Brown is a motorcycling enthusiast, owning a BMW R1150RT. He gave up motorcycling by 2012, citing slowing reflexes and safety. Brown is a pilot, and was featured in the aviation magazine AOPA Flight Training. He completed his first solo flight on June 25, 2007, and earned his private pilot certificate on June 5, 2008. He owns two planes, a Cessna 206 and a Cessna 414.
Brown changed his eating habits in 2009 in order to lose weight and become healthier, losing 50 pounds (23 kg) over the course of nine months. He announced his weight loss and described the details of eating from the four basic lists without going on a typical diet on the January 4, 2010 episode "Live and Let Diet" of Good Eats. His first list, which he eats from daily, includes fruits, whole grains, leafy greens, nuts, carrots, and green tea. His second list, which he eats from at least three times per week, includes oily fish, yogurt, broccoli, sweet potato, and avocado. His third list, which he eats from no more than once per week, includes red meat, pasta, dessert, and alcohol. His fourth list includes foods he avoids: fast food, soda (except for club soda, which is okay), processed meals (such as TV dinners), canned soups (salt), and anything labeled "diet," because "this was not a diet."
Brown is a Christian. Brown says, "I'm not a spooky snake handler because I live in Georgia and I'm Christian, that I believe in the Bible, that I travel with the Bible, that I read the Bible every day. I'm still me. I'm still a guy doing a job. I find, actually, that people ask me a lot about it. I don't hit people over the head with the Bible ... I still feel a funny little tinge in my stomach when I'm out to dinner with my wife and daughter in New York. We'll go to dinner and we'll be sitting around the table and we'll say Grace. You know what? People are going to stare at you. I used to feel really self-conscious. But I've gotten to a point where I think, nah, I'm not going to feel bad about that. I'm not going to apologize about that."
- I'm Just Here for the Food: Food + Heat = Cooking (ISBN 1-58479-083-0, 2002)
- Alton Brown's Gear for Your Kitchen (ISBN 1-58479-296-5, 2003)
- I'm Just Here for the Food: Kitchen User's Manual (ISBN 1-58479-298-1, 2003)
- I'm Just Here for the Food: Cook's Notes (ISBN 1-58479-299-X, 2003)
- I'm Just Here for More Food: Food × Mixing + Heat = Baking (ISBN 1-58479-341-4, 2004)
- I'm Just Here for the Food: Version 2.0 (ISBN 1-58479-559-X, 2006)
- Feasting on Asphalt: The River Run (ISBN 1-58479-681-2, 2008)
- Good Eats: The Early Years (ISBN 1-58479-795-9, 2009)
- Good Eats 2: The Middle Years (ISBN 1-58479-857-2, 2010)
- Good Eats 3: The Later Years (ISBN 1-58479-903-X, 2011)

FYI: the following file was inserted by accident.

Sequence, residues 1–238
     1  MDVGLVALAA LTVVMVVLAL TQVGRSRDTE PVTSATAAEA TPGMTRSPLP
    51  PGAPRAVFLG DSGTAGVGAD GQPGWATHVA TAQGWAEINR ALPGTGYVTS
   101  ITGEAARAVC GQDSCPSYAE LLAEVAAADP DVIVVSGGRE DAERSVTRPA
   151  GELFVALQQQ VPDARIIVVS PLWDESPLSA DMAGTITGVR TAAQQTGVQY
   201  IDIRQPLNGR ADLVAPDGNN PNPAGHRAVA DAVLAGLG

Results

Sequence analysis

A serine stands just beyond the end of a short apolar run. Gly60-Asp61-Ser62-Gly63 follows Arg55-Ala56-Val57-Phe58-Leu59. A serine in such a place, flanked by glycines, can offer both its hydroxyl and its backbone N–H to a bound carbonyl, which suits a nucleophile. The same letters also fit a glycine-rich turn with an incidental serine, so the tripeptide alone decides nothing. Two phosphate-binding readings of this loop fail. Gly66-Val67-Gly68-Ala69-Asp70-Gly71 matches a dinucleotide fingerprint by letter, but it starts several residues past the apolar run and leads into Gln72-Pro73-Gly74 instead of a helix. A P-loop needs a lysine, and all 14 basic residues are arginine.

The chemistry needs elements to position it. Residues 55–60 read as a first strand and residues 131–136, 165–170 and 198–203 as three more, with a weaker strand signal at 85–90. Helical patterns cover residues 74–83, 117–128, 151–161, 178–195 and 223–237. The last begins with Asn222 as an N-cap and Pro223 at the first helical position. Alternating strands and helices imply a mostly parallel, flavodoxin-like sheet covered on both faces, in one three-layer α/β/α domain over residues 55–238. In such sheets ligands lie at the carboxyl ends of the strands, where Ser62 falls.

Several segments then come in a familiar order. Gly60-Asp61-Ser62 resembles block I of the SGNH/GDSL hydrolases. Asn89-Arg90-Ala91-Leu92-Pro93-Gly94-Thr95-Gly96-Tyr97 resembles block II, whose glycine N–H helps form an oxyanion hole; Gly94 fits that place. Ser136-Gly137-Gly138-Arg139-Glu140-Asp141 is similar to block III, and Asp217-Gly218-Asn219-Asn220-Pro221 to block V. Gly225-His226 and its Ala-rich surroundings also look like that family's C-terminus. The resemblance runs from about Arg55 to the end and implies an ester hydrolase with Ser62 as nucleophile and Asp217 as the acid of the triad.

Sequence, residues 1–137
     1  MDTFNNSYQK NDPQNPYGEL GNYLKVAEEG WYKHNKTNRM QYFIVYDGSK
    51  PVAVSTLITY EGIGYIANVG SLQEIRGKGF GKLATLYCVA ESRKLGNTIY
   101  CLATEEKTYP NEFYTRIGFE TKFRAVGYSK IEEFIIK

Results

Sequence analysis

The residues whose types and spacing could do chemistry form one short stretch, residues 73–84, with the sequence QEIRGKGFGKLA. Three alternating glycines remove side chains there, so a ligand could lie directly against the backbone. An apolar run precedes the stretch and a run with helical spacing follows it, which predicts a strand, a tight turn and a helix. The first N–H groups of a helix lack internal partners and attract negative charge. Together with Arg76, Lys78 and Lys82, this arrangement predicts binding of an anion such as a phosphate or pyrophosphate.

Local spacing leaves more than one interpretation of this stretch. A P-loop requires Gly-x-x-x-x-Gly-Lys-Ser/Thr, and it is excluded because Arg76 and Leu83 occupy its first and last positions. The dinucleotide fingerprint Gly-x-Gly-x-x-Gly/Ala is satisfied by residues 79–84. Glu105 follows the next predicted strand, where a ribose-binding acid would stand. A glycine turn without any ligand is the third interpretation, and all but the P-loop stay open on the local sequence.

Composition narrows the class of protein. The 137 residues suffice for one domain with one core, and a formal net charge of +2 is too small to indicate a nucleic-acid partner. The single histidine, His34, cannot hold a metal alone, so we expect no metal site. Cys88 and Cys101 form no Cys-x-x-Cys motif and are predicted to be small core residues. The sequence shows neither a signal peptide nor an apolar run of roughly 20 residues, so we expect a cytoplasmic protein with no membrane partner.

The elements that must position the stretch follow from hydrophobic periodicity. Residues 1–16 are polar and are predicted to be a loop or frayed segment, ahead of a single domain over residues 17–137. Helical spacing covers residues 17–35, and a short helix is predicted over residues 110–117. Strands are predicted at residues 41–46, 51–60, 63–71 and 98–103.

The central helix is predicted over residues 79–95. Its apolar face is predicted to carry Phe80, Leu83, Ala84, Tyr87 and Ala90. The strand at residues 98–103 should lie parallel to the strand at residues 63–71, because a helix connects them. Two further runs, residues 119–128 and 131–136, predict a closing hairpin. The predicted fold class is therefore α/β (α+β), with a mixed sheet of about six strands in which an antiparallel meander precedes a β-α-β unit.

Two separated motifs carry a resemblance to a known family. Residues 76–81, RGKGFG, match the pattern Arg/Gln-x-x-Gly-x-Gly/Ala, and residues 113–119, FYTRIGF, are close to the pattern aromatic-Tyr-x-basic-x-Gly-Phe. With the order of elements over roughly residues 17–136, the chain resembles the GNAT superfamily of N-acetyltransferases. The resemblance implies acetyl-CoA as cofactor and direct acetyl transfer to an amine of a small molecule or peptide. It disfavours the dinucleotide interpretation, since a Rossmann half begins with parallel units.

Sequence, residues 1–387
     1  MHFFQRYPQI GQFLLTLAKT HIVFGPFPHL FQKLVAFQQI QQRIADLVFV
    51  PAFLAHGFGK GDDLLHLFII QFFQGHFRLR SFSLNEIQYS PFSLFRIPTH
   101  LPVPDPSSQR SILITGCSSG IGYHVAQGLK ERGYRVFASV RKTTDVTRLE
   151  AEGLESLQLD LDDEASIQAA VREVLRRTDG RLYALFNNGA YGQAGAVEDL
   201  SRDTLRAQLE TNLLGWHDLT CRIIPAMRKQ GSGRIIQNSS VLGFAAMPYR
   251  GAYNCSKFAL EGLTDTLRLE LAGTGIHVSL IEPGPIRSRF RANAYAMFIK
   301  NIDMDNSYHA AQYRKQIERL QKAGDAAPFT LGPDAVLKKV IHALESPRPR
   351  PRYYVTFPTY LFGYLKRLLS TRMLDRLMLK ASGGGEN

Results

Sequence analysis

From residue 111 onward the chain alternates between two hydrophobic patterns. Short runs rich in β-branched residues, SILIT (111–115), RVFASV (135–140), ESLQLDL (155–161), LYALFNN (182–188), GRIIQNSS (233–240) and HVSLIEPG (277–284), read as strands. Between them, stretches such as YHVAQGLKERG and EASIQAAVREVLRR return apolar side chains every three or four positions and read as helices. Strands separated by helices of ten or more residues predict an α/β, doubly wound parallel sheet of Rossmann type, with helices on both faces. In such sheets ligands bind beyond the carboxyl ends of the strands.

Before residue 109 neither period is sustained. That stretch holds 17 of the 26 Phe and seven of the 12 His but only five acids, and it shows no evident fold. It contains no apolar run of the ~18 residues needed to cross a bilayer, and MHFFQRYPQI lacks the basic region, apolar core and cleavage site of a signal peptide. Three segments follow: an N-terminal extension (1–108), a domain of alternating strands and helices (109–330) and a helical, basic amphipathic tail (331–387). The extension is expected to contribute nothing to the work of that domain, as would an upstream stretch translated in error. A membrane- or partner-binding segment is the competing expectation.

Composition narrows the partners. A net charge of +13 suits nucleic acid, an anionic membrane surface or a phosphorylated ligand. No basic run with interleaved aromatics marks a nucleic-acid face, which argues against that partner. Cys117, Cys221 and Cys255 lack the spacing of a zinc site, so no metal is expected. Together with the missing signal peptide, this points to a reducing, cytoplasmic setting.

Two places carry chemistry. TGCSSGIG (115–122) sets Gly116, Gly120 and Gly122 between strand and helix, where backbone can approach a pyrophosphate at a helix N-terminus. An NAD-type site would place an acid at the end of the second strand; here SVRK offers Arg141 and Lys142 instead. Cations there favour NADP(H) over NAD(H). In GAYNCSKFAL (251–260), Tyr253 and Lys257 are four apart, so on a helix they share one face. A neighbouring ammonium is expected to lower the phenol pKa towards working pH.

Brown was also a contributor to the 2005 cookbook Food Network Favorites: Recipes from Our All-Star Chefs (ISBN 0696230216). He selected the nonprofit world hunger organization Heifer International to receive a portion of the royalties.
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- Alton Brown Twitter
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- Rodney Ho (January 14, 2013). "Clermont Lounge featured on Jan. 14's 'The Layover' with Anthony Bourdain on Travel Channel". Atlanta Journal-Constitution. Retrieved January 15, 2013.
- Justin Morissette (March 28, 2012). "Judge John Hodgman Episode 53: Cannery Row". Maximum Fun. Retrieved 2013-02-20.
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- Lauterbach, David. "Brian's Belly: Alton Brown". Briansbelly.com. Retrieved 2012-01-23.
- Alton Brown at Roadfly magazine
- Moss, Michael. "The Hard Sell on Salt", The New York Times, May 29, 2010.
- Craig, Elise (September 19, 2012). "Saucy or Stale? Alton Brown Defies Twitter With Weird Post-it Notes". Wired. Retrieved 2013-03-11.
- "Alton Brown Biography". Tv.com. Retrieved 2012-01-23.
- TV.com. "Good Eats Cast and Crew". Tv.com. Retrieved 2012-01-23.
- IMDB – Full cast and crew
- "The Family Tree". Goodeatsfanpage.com. August 27, 2010. Retrieved 2012-01-23.
- MutantNation, Alton Brown
- "AltonBrown.com". AltonBrown.com. Retrieved 2012-01-23.
- Murphy, Kate (July 4, 2011). "iPads Replacing Pilots' Paper Manuals". The New York Times.
- Brown, Alton (January 4, 2010). "Live and Let Diet". Good Eats. Food Network. Archived from the original on January 7, 2010. Retrieved 2010-01-05.
- September 28, 2010, by Joshua David Stein (September 28, 2010). "Alton Brown on Being a Vessel, Next Iron Chef, and His Faith – Eaterrogation – Eater National". Eater.com. Retrieved 2012-01-23.
|Wikiquote has a collection of quotations related to: Alton Brown|
- Official website
- Alton Brown at the Internet Movie Database
- FoodNetwork.com: Good Eats
- Alton Brown Group on Flickr
- His James Beard Foundation Award, including a video of his acceptance speech
- Good Eats show fan site with transcripts
- Interview, Macworld
- Food for Thought, Guideposts, August 2006